Another month, another special Africa issue. This one is by French weekly newspaper Courrier International (part of Le Monde group), edited by Isabelle Lauze and Ousmane Ndiaye. Many of the articles have appeared elsewhere but are published here for the first time in French. Features and profiles include those on Congolese photographer Kiripi Katembo, Angola’s “indignados”, Senegalese collective Y’en A Marre, Nigerian Nollywood, Ghanaian journo Anas Aremeyaw Anas, Ethiopian entrepreneur Bethlehem Tilahun Alemu, a very short introduction to Francophone Hip-Hop, etc. Full table of contents here. The cover photo is lifted from Omar Victor Diop’s 2012 series “The Studio of Vanities”. It’s not clear why they decided to focus only on Sub-Saharan Africa. That said, they’ve used excellent sources.
Zimbabwe’s national football was under black control decades before independence—but the colonial legacy of racial segregation still haunts.
One major historical function of the police in South Africa remains: to manage the poor.
Adam Sandler’s film Uncut Gems, Black American identity politics, and the narrative appeal of Ethiopian beginnings.
A new documentary film tells a tale of everyday class, religious, and educational contestations around land in Kenya.
How Julius Malema’s Economic Freedom Fighters drive political conversations in South Africa.
Recent restrictions on refugees—and the limited protests against them—reflect the degree to which many South Africans see “xenophobia” as legitimate hate.
Authoritarianism, oligarchy, and patriarchy governs the Cameroonian political landscape.
Rémanences autoritaire, oligarchique et mâlecentrée de l’espace politique camerounais.
In South Africa, the political class use foreign nationals as scapegoats to obfuscate their role in reproducing inequality. But immigrants are part of the excluded.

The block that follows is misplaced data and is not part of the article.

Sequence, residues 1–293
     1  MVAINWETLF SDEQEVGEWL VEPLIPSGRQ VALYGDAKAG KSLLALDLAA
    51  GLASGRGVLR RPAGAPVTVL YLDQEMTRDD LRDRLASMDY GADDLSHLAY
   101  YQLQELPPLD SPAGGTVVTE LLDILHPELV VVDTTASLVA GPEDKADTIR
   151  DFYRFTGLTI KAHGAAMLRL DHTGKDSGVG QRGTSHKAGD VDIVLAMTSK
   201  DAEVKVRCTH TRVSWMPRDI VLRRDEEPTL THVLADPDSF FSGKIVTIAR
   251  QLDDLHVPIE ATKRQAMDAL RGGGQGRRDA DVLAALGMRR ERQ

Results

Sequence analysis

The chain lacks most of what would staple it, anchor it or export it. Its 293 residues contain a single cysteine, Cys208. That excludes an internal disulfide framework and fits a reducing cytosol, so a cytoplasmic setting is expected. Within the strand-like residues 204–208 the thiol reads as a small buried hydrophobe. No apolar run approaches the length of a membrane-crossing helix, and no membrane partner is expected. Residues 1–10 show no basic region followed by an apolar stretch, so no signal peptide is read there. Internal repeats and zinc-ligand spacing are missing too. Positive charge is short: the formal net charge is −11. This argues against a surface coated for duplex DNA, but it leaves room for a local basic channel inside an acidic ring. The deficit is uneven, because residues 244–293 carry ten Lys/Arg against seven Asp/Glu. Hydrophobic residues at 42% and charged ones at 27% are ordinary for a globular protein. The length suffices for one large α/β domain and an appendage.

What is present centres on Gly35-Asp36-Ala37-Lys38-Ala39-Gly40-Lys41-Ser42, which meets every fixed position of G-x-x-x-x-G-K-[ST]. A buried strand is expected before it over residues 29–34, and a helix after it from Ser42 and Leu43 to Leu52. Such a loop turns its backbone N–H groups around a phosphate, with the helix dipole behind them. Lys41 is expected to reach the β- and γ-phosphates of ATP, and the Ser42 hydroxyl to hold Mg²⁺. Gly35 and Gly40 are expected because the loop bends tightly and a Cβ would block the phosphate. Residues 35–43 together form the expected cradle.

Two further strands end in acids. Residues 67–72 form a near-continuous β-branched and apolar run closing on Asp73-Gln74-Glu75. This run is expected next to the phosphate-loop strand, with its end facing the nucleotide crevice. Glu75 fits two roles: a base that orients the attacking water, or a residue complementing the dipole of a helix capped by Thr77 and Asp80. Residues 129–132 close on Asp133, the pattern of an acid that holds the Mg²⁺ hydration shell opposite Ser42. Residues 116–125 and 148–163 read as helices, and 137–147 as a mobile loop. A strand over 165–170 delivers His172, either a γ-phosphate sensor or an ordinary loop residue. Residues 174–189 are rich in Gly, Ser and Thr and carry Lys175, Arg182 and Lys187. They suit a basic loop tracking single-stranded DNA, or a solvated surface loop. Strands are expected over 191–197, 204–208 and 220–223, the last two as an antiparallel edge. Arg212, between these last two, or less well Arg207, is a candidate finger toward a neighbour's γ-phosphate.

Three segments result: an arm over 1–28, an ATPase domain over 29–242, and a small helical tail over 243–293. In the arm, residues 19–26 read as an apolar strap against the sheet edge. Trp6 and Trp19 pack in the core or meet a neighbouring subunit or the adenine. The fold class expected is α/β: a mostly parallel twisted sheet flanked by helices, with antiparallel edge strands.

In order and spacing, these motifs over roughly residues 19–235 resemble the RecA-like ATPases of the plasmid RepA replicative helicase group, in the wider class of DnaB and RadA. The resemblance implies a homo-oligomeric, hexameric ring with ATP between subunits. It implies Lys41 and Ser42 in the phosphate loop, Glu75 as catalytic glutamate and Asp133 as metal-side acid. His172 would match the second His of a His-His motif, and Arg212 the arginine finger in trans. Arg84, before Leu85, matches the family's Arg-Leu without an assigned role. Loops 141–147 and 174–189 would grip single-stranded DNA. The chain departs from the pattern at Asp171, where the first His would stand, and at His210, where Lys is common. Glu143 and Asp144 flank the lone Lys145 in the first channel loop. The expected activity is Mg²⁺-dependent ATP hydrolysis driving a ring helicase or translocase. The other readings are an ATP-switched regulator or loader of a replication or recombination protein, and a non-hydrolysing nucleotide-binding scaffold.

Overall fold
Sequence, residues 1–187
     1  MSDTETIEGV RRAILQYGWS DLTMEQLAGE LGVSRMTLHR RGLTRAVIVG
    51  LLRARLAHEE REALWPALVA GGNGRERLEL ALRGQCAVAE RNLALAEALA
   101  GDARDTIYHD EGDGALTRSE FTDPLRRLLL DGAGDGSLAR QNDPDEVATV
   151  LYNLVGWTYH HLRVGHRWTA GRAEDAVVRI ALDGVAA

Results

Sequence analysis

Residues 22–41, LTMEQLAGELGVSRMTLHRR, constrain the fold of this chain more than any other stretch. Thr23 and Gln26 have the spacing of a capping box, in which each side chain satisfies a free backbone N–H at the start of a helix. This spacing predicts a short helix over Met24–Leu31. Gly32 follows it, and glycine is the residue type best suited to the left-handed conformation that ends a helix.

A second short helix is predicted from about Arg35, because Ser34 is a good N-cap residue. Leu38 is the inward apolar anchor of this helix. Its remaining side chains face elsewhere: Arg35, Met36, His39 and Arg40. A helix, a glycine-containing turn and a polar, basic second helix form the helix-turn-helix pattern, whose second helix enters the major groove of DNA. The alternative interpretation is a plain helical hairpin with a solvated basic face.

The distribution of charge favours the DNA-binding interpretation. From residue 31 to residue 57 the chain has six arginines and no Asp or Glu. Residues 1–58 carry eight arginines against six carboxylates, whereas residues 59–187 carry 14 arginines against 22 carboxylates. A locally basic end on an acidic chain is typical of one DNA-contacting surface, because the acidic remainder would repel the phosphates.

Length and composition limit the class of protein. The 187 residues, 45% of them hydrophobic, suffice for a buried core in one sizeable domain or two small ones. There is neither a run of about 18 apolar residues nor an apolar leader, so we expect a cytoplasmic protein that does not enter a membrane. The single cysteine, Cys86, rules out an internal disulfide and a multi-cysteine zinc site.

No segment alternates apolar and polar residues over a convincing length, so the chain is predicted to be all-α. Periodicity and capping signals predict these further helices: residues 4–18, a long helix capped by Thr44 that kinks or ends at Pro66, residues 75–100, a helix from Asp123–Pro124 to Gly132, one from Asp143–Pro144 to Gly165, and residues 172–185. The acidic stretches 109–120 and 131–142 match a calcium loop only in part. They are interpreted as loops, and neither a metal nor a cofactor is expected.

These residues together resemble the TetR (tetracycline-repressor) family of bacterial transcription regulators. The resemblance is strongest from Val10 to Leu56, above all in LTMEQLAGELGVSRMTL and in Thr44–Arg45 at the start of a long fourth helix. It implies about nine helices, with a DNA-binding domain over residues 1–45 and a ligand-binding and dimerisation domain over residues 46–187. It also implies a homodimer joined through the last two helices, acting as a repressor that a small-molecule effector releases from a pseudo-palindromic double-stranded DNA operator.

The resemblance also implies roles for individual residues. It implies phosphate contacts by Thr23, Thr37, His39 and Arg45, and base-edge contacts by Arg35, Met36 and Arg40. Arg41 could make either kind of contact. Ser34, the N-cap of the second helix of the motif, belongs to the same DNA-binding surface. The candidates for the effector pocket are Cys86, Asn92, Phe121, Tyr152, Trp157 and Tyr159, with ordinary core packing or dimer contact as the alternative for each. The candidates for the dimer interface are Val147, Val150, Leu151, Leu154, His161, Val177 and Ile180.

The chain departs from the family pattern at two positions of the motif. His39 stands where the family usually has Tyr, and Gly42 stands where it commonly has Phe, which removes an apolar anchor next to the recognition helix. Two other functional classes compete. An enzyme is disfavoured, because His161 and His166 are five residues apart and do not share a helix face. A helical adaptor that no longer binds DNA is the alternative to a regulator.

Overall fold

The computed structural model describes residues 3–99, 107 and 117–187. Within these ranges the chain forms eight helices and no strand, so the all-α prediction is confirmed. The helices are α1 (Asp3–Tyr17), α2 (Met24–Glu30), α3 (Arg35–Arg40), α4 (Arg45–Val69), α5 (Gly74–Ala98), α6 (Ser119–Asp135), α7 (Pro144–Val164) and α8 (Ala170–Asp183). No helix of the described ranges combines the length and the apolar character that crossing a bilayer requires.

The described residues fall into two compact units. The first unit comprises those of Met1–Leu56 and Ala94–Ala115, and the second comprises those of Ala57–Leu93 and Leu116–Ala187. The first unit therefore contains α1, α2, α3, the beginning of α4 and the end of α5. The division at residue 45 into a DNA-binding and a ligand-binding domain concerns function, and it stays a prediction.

Remembering Marcelino dos Santos, founder of Frelimo and the former Vice President of the People’s Republic of Mozambique.
What might the fascination in displaying and seeing the body of “the criminal” tell us about South Africa today?
The writer, a historian, on scholarly texts, novels, and memoirs that he consulted in writing a political biography of US congressman Mickey Leland and his solidarity politics in Africa.
Revisiting the events that led to the tragic death of Dag Hammarskjöld, a key UN official in the decolonization of Africa during the Cold War.
COSATU, South Africa’s largest trade union federation, has a plan to simultaneously tackle climate change and unemployment.
Are plans for ‘reform’ of West African currency, fueled by anticolonial sentiment, merely ‘rebranding’ the status quo?
Because he wants to shock his audience, the influential French philosopher and TV personality doesn’t help us make sense of political violence in Nigeria.
Remembering Adelaide Tantsi Dube’s poem ‘Africa: My Native Land,’ first published in 1913, the same year the white government stripped black South Africans of their land.
The writer, a historian of capitalism, white supremacy, and US imperialism, on four books he has been reading.
The journal’s editor acknowledges that it has a long way to go before most Africa-based scholars recognize it as an especially African journal.
What alternative pathways are available towards accountable governance in Nigeria?